St. George’s Day commemorates the life of St. George, a Roman soldier and Christian martyr. St. George’s Day is a provincial holiday in Newfoundland and Labrador in Canada. Here it is observed on the Monday closest to April 23 each year.
St. George was born about the year 280 CE in what is now Turkey. He was a soldier and rose through the ranks of the Roman army, eventually becoming a personal guard to the Emperor Diocletian. He was executed for being Christian on April 23, 303 CE, and is buried in the town of Lod in Israel.
He is most widely known for slaying a dragon. According to legend, the only well in the town of Silene was guarded by a dragon. In order to get water, the inhabitants of the town had to offer a human sacrifice every day to the dragon. The person to be sacrificed was chosen by lots. On the day that St. George was visiting, a princess had been selected to be sacrificed. However, he killed the dragon, saved the princess and gave the people of Silene access to water. In gratitude, they converted to Christianity. It is thought that the dragon represents a type of pagan belief that included human sacrifice.
The most widely recognized St. George’s Day symbol is St. George’s cross. This is a red cross on a white background, often displayed as a flag. It is used in England’s national flag, as part of the Union Jack (a jack being a small maritime flag) – the national flag of the United Kingdom of Great Britain and Northern Ireland. St. George’s cross was originally the flag of the maritime Republic of Genoa. In about 1190, the king of England started paying the Doge of Genoa to protect ships originally from the city of London and the rest of England that sailed in the Mediterranean region.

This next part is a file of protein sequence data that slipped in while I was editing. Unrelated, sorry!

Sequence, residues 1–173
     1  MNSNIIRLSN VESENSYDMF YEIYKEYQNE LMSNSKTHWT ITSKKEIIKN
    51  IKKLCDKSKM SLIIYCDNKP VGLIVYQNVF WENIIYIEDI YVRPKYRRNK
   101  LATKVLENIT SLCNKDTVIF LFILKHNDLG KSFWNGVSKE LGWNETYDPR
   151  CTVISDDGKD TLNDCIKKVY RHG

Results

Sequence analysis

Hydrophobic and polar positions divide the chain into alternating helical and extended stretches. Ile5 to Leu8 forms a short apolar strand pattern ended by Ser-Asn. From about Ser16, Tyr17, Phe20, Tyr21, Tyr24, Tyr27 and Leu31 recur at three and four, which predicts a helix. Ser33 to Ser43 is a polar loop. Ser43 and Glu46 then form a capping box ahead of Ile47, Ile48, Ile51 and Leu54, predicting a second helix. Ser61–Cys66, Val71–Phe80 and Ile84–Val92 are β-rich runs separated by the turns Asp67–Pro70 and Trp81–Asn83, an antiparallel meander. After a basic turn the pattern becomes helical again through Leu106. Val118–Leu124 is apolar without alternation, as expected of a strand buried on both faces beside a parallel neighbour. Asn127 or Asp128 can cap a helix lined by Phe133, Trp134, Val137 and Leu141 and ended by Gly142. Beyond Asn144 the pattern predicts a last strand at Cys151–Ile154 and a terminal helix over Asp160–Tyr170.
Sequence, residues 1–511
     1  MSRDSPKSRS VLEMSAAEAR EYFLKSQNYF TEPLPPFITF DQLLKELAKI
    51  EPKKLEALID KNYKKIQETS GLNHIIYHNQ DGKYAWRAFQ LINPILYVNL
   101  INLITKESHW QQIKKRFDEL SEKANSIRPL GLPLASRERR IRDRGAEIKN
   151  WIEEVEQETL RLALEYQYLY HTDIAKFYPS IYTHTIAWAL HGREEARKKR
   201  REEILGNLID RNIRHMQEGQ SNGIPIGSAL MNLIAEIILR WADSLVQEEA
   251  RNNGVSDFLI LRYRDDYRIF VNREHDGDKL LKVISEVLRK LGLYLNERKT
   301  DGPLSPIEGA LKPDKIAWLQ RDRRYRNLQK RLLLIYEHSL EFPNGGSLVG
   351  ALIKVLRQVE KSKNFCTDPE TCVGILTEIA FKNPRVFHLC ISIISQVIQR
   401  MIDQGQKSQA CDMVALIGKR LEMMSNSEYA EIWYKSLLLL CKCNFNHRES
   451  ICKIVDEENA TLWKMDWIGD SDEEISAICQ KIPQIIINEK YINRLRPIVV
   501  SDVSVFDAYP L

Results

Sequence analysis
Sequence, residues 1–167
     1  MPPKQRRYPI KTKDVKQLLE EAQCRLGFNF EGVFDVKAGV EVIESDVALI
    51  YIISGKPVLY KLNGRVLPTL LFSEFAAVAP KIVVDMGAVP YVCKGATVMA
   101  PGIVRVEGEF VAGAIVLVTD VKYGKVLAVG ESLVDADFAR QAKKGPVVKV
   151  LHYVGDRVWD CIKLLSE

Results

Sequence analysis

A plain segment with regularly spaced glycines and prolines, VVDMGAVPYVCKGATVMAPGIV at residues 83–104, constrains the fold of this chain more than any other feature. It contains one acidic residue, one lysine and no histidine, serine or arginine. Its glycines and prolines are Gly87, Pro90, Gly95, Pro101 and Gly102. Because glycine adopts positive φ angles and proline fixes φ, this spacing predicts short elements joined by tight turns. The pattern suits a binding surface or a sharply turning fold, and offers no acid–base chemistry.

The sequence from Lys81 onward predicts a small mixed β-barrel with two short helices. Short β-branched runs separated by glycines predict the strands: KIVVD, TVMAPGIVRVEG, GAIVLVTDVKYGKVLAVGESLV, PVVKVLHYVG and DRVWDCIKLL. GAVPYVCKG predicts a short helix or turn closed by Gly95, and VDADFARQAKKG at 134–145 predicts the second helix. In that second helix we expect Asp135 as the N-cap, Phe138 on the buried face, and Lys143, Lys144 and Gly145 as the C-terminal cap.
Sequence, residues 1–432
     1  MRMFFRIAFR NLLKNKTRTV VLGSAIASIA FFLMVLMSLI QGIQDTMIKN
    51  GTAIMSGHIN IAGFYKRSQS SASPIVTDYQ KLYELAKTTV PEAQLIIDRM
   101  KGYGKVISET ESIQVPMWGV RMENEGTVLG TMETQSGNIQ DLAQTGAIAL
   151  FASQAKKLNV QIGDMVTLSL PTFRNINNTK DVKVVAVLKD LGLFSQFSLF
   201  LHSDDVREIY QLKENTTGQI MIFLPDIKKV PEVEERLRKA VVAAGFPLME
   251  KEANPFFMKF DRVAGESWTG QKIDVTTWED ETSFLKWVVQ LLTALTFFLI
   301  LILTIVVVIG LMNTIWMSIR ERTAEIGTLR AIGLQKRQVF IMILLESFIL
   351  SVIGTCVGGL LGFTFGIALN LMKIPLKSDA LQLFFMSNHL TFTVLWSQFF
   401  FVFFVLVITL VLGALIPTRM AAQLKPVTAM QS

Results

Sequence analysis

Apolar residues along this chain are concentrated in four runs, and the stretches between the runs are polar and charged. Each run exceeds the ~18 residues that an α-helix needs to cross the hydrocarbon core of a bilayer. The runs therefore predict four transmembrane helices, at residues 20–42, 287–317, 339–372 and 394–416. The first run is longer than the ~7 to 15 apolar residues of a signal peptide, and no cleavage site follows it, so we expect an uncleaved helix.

During the Middle Ages, he was the patron saint of the crusaders, and they spread the cult of St. George throughout Europe.
St. George’s Day, also called the Feast of St. George, is celebrated by various Christian Churches and by the several nations, old kingdoms, regions, states, countries and cities of which Saint George is the patron saint, including Bulgaria, England, Georgia, Liguria, Genoa, Portugal, Venice, Cáceres, Alcoy, Aragon, Catalonia and Lithuania. The saint also has his state holiday in Rio de Janeiro, Brazil.
In much of the world, St. George’s Day is normally celebrated on 23 April. However, Church of England rules denote that no saints’ day should be celebrated between Palm Sunday and the Sunday after Easter, so if April 23 falls in that period, the celebrations are transferred to the next Monday. The date is the traditionally accepted date of the saint’s death in the Diocletianic Persecution of AD 303.
St. George (Jurgis) is the second patron saint of Lithuania, the first being St. Casimir (Kazimieras). Here he is considered the protector of animals, and horses in particular. Over time, his feast day replaced the old pagan spring festival of Jorė. April 23 was the day farm animals were herded outside to graze. An old custom was to stroke them with willow branches as they left the barns, to ensure they would be fat, healthy and safe from wolves. Special small loaves of bread were baked on that day and handed out to beggars at local churches, in return fro prayers for safekeeping of the farm animals. Early in the 20th century, the bread ritual still included carrying loaves around the fields and burying them in the soil, as a way of bonding with Mother Earth. It ws said that the morning of St. George’s day was the best time to sow rue. In some areas, Easter eggs (margučiai) were dyed and decorated, just as at Easter. Some fasted on that day, eating no fat, only fish and bread.
St. George is also the patron saint of Lithuanian Scouts, and the day is commemorated with special meetings. In various regions of Lithuania it is now celebrated with special Masses and festivals.